data member allocation (local vs heap)


U

u carcamagnu

Hello everybody,
is there any best practice when allocating data member locally rather
then on the heap? (I'm not sure if 'locally' is correct)

I mean which is preferable between
struct S1{
int v[10];
};

and
struct S2{
int* p;
S2(){ p=new int[10]; }
~S2(){ delete [] p; }
};

Apart from the first being 'easier', lacking of ctor e dtor, the only
arguments I thought about are:

a. if 'v' is not shared among different objects, using S1 gives me
'for free' a working copy ctor and assignment operator, while S2 needs
an explicit copy of elements of the vector

b. if S1 has many 'large' data members you risk to run out the stack
if you are using many automatic instances of S1, I mean
int main(){
S1 s1;
S1 s2;
[...]
return 0;
}
so the question becomes: in there a data members size limit to prefer
S2?

Thank you all.
 
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B

Bo Persson

u said:
Hello everybody,
is there any best practice when allocating data member locally
rather then on the heap? (I'm not sure if 'locally' is correct)

I mean which is preferable between
struct S1{
int v[10];
};

and
struct S2{
int* p;
S2(){ p=new int[10]; }
~S2(){ delete [] p; }
};

Apart from the first being 'easier', lacking of ctor e dtor, the
only arguments I thought about are:

a. if 'v' is not shared among different objects, using S1 gives me
'for free' a working copy ctor and assignment operator, while S2
needs an explicit copy of elements of the vector

b. if S1 has many 'large' data members you risk to run out the stack
if you are using many automatic instances of S1, I mean
int main(){
S1 s1;
S1 s2;
[...]
return 0;
}
so the question becomes: in there a data members size limit to
prefer S2?

You might use S2 if the size is very large, where 'large' depends on
your system. The more common use for S2 is if the size isn't known in
advance, because then S1 doesn't work.


Bo Persson
 
F

Francesco S. Carta

Il 22/06/2010 09:37, u carcamagnu ha scritto:
Hello everybody,
is there any best practice when allocating data member locally rather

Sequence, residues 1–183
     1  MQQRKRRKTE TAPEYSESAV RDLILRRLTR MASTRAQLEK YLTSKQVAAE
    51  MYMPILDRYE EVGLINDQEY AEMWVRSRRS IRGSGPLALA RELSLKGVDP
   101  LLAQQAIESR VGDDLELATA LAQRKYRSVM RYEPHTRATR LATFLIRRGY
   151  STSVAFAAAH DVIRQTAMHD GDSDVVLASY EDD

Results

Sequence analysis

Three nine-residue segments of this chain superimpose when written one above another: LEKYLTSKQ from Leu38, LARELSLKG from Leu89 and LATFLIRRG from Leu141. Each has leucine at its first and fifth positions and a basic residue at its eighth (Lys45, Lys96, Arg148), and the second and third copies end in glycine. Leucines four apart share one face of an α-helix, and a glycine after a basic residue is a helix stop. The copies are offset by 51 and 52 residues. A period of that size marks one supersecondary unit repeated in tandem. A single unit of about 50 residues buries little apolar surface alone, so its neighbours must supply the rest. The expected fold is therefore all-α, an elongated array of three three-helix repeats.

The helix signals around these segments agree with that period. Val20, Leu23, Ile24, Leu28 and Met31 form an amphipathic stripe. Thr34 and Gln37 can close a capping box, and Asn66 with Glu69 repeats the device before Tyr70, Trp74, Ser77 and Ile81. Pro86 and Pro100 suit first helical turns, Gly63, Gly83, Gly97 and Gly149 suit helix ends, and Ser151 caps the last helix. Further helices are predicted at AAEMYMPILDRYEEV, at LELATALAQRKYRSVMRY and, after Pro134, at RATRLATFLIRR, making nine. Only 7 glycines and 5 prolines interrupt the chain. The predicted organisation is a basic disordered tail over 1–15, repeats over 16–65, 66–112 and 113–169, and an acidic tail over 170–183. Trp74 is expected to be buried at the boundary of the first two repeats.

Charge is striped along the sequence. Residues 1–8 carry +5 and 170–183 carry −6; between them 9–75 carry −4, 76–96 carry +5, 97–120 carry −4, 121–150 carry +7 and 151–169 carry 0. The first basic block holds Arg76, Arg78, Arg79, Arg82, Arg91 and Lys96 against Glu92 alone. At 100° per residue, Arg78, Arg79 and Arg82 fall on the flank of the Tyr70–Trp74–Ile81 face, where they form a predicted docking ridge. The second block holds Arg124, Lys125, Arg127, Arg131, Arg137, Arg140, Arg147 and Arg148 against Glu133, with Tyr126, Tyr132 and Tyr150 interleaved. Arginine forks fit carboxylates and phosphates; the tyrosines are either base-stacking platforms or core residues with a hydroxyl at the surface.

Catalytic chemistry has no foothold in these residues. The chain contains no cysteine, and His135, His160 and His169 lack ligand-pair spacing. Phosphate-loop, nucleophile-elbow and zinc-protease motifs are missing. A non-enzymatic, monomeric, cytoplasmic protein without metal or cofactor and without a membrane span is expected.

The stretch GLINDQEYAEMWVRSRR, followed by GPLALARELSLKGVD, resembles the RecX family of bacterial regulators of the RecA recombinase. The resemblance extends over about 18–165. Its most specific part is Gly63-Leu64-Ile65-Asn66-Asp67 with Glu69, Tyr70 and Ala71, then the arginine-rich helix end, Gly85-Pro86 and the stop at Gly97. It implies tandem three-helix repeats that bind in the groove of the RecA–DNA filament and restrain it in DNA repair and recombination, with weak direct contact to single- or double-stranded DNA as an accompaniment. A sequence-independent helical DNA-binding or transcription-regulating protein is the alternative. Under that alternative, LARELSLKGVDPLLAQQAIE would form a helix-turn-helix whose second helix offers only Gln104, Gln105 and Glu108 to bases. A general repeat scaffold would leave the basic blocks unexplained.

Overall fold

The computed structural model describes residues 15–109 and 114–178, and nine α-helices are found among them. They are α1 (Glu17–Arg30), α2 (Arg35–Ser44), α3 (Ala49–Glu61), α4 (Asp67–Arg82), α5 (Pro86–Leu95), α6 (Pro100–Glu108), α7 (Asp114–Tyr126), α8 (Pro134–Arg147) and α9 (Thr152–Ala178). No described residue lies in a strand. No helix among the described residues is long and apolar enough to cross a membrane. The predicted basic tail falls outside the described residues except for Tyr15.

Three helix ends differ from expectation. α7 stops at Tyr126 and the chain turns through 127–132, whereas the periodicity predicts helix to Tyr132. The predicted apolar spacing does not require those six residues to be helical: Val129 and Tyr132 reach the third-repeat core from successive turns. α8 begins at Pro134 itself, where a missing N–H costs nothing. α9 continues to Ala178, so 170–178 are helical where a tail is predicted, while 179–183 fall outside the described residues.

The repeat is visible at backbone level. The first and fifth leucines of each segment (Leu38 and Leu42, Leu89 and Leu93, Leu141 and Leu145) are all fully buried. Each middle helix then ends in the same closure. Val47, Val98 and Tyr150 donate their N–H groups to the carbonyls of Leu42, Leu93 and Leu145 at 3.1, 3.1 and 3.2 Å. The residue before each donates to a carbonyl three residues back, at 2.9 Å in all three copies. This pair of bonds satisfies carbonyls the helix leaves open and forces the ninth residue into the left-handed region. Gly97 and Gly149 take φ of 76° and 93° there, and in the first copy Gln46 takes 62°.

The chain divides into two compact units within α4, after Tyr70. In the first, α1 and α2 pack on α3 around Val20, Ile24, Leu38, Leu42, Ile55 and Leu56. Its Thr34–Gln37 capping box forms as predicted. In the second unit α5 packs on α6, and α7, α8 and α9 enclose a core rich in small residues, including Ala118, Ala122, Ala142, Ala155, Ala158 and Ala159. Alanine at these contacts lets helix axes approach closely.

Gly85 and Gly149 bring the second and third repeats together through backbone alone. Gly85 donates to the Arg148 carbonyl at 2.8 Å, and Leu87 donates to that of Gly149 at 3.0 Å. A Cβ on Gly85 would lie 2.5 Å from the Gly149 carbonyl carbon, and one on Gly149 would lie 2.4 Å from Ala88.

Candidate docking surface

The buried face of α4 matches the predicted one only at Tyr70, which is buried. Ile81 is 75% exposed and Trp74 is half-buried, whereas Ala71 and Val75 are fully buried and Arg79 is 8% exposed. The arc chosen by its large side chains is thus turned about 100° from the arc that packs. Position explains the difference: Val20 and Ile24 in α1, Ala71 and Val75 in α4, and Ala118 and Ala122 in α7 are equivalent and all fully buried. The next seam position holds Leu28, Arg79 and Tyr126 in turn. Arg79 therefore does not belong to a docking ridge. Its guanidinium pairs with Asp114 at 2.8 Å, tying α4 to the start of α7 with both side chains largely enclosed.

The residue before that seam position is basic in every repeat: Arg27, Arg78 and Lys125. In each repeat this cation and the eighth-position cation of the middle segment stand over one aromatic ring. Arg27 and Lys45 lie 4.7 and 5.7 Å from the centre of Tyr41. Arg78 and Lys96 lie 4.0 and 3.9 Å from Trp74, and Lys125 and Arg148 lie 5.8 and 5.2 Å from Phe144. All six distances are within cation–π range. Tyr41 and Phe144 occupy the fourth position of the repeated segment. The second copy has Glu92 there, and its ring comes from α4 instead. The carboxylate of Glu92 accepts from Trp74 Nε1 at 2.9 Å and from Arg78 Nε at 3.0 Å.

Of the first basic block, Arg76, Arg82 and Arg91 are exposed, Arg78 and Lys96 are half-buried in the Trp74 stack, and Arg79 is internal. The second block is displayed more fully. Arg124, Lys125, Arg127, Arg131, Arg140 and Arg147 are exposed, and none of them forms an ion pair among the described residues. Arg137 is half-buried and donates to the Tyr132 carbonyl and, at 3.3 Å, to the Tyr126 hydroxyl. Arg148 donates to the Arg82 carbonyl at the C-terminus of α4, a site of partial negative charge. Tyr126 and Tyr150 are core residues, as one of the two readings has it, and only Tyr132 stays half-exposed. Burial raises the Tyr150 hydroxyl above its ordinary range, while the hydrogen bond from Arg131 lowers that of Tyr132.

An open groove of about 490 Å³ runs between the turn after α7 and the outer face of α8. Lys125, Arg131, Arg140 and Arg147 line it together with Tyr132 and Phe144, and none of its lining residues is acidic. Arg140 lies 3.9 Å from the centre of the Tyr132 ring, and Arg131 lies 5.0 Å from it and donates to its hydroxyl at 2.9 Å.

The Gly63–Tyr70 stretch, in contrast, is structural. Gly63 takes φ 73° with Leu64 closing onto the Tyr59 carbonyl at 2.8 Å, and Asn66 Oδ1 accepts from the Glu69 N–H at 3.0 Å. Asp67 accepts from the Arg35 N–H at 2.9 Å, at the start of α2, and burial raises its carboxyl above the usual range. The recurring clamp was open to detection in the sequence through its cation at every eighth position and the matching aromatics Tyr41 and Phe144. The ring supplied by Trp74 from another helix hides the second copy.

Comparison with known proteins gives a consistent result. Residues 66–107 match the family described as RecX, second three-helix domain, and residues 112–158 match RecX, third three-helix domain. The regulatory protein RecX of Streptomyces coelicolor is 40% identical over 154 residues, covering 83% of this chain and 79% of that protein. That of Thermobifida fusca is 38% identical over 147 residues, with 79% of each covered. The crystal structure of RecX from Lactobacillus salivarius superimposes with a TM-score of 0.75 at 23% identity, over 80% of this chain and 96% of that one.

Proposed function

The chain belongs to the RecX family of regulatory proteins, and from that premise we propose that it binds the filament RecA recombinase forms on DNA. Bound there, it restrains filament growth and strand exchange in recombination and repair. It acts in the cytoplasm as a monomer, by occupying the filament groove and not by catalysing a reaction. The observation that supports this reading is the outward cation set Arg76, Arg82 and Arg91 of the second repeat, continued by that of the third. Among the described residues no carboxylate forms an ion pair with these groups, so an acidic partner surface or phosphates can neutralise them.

then on the heap? (I'm not sure if 'locally' is correct)

I mean which is preferable between
struct S1{
int v[10];
};

and
struct S2{
int* p;
S2(){ p=new int[10]; }
~S2(){ delete [] p; }
};

Apart from the first being 'easier', lacking of ctor e dtor, the only
arguments I thought about are:

a. if 'v' is not shared among different objects, using S1 gives me
'for free' a working copy ctor and assignment operator, while S2 needs
an explicit copy of elements of the vector

b. if S1 has many 'large' data members you risk to run out the stack
if you are using many automatic instances of S1, I mean
int main(){
S1 s1;
S1 s2;
[...]
return 0;
}
so the question becomes: in there a data members size limit to prefer
S2?

Thank you all.

Not exactly the response you were looking for - you already had it from
Bo - but I must recall that using a standard container such as
std::vector should be preferred, except in case you really need to use a
raw C-style array.
 
R

red floyd

Not exactly the response you were looking for - you already had it from
Bo - but I must recall that using a standard container such as
std::vector should be preferred, except in case you really need to use a
raw C-style array.

Even then, you should prefer the vector, because it's easy to convert
a vector to a raw C-style pointer:

std::vector<T> v;
// initialize v
T* p = &v[0];
 
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F

Francesco S. Carta

Not exactly the response you were looking for - you already had it from
Bo - but I must recall that using a standard container such as
std::vector should be preferred, except in case you really need to use a
raw C-style array.

Even then, you should prefer the vector, because it's easy to convert
a vector to a raw C-style pointer:

std::vector<T> v;
// initialize v
T* p =&v[0];


If one needs a raw C-style array, needs a raw C style array, not just a
raw C-style pointer - given, I always suggest to use higher level
facilities... so then yes, I would do as you suggest if I could get
along with just a pointer.

I know there is something (much) that I don't know, other's requirements
fall in that "unknown" range. So then: one should use a vector unless
one really _is_ in need of an array ;-)
 

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